Color Strategies For Big Striped Bass

There’s a lot of contention among surfcasters about the importance of lure color in striped bass fishing. One angler I know has told me that beyond black and white, it really doesn’t matter. Other surfcasters think the more realistic the color pattern on their lure, the better their odds of success, so they throw intricately hand-painted designs. Most, however, fall somewhere in between.

As with all surfcasting, there are no set rules when it comes to color selection. Even the “light colors in light, dark colors in dark” rule is subject to change. I’ve watched anglers catch nice fish on black darters at mid-day, and I’ve seen nice fish taken on new moon nights with white bucktails. This isn’t to say color makes no difference – it most certainly can.

The “Primary” Colors

On any particular night during the season, you could lift the flap of my plug bag and see a mix of the surfcasting’s four “primary” colors. These would be white, black, chartreuse and yellow. If you were to only buy lures in these four colors, you would still catch plenty of fish and may not ever feel the need to throw anything else.

White is successful because most baitfish have white bellies. It is a good choice that works in a wide range of situations.

On any particular night during the season, you could lift the flap of my plug bag and see a mix of the surfcasting’s four

On any particular night during the season, you could lift the flap of my plug bag and see a mix of the surfcasting’s four “primary” colors.

Black is a go-to color on dark nights because it contrasts better against the dark sky than lighter colors. Don’t believe it? Check it out for yourself. On the next dark night, go outside with a couple of your lures, one white and one black, hold them up against the sky, and see which profile you can make out more easily.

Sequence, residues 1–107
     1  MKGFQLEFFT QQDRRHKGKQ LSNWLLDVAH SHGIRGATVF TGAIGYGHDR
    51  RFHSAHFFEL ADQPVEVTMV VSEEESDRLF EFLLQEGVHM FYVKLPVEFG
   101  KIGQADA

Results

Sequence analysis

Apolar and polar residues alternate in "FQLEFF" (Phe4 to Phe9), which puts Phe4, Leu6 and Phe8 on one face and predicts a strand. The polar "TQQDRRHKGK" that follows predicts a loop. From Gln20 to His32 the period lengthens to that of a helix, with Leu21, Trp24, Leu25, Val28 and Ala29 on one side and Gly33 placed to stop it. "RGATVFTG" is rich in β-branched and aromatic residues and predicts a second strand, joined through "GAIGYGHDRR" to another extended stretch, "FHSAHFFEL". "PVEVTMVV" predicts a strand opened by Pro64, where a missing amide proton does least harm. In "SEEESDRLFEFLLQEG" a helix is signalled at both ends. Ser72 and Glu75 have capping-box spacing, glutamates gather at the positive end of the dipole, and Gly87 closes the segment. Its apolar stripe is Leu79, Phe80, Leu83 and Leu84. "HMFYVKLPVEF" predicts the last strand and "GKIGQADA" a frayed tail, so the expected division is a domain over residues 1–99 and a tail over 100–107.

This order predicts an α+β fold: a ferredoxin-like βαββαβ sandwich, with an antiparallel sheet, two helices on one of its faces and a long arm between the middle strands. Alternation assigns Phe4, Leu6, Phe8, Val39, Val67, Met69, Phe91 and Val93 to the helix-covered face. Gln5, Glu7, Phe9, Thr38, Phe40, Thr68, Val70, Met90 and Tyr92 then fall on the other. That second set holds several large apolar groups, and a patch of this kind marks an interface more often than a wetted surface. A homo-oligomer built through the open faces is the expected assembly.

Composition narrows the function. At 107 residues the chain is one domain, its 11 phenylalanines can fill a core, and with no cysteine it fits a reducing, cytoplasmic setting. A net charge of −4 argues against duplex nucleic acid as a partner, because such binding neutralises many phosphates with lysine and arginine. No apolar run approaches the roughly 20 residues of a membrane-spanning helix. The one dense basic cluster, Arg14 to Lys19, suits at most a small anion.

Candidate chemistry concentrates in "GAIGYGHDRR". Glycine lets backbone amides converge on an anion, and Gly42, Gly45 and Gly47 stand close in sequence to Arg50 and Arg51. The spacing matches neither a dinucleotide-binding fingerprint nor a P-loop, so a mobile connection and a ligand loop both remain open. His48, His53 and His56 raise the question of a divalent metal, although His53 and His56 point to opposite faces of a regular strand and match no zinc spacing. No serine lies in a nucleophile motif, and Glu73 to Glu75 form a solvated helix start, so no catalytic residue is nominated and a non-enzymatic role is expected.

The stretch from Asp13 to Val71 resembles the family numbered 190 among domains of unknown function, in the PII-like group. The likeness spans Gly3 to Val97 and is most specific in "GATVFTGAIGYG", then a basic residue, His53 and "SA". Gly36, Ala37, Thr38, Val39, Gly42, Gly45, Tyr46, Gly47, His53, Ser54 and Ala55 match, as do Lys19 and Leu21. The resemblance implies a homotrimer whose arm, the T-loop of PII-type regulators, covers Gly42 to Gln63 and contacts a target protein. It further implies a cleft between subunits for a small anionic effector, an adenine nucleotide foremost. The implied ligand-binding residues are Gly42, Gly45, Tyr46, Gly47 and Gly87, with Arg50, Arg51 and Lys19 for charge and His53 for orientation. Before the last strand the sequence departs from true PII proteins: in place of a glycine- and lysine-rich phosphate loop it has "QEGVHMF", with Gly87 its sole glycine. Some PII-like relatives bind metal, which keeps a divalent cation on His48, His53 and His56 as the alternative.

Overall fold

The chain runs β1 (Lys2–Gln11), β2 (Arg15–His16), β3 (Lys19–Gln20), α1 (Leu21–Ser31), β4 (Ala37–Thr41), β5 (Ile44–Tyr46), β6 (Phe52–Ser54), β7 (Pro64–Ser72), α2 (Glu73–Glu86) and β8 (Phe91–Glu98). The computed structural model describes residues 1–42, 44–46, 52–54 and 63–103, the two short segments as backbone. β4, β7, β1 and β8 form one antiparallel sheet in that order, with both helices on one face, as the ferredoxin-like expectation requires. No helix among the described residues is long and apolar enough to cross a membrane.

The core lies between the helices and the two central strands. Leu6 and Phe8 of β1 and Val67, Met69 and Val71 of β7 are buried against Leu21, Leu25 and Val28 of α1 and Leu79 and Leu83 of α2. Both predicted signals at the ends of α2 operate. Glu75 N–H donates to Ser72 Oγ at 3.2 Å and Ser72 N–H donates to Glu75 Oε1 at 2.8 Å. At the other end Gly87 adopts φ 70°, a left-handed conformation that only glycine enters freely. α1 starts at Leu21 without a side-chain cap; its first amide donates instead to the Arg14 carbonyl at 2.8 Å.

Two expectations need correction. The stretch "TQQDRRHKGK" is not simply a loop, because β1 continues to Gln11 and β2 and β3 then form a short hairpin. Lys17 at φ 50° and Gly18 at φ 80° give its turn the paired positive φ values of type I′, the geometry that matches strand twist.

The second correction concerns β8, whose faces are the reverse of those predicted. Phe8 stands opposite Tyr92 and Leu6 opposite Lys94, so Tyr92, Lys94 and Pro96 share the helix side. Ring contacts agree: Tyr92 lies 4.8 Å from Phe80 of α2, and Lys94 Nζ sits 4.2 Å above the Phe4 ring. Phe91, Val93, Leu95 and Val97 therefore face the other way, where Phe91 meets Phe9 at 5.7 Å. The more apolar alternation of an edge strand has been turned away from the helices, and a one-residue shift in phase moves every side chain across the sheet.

Yellow and chartreuse are fish-catchers because, simply put, they get seen. A study performed at the Virginia Institute of Marine Sciences showed that striped bass see yellow and chartreuse better than other colors as they are smack dab in the middle of the striped bass’s visual range. This research effectively proved what some fishermen have known for years – night or day, yellow is a dynamite color for striped bass.

While some striped bass prey may have yellow fins or a yellow sheen, nothing in nature is chartreuse in color. Nevertheless, stripers hit chartreuse lures, sometimes better than they’ll hit anything else. Chartreuse seems to work especially well in rough or discolored water. I also like it during sunrise and sunset, as the color stands out in the low light.

Au Naturale

Olive-over-white, blue-over-white, and more intricate, realistic patterns are often employed to closely mimic any baitfish that might be present, but when looking for a lure to match the prevalent baitfish, keep in mind that stripers will eat just about anything. In many areas, flounder, fluke, scup, lobsters, crabs, sea bass and sea robins may end up on the menu more often than menhaden, herring, mackerel and more traditional “baitfish.” Thinking outside the box a bit could help you accurately “match the hatch” and fool more stripers into eating your lure. Steve Musso of SuperStrike lures told me that he sells lots of black-over-orange plugs in the springtime when sea robins are present and make up a large portion of a striped bass’s diet. Another fisherman I know claims gold lures work best along one rocky Rhode Island shoreline where large scup are abundant. The pair of mid-40-pound bass he caught on gold plugs in 2011 served to prove his point. Brown or root-beer-colored plugs could closely match tautog, while black-and-blue or black-and-purple plugs might mimic small sea bass. Olive or brown bucktails dragged across the bottom are a good representation of the small crabs stripers often scavenge on. Get creative and see what color combinations you can come up with the match the local forage.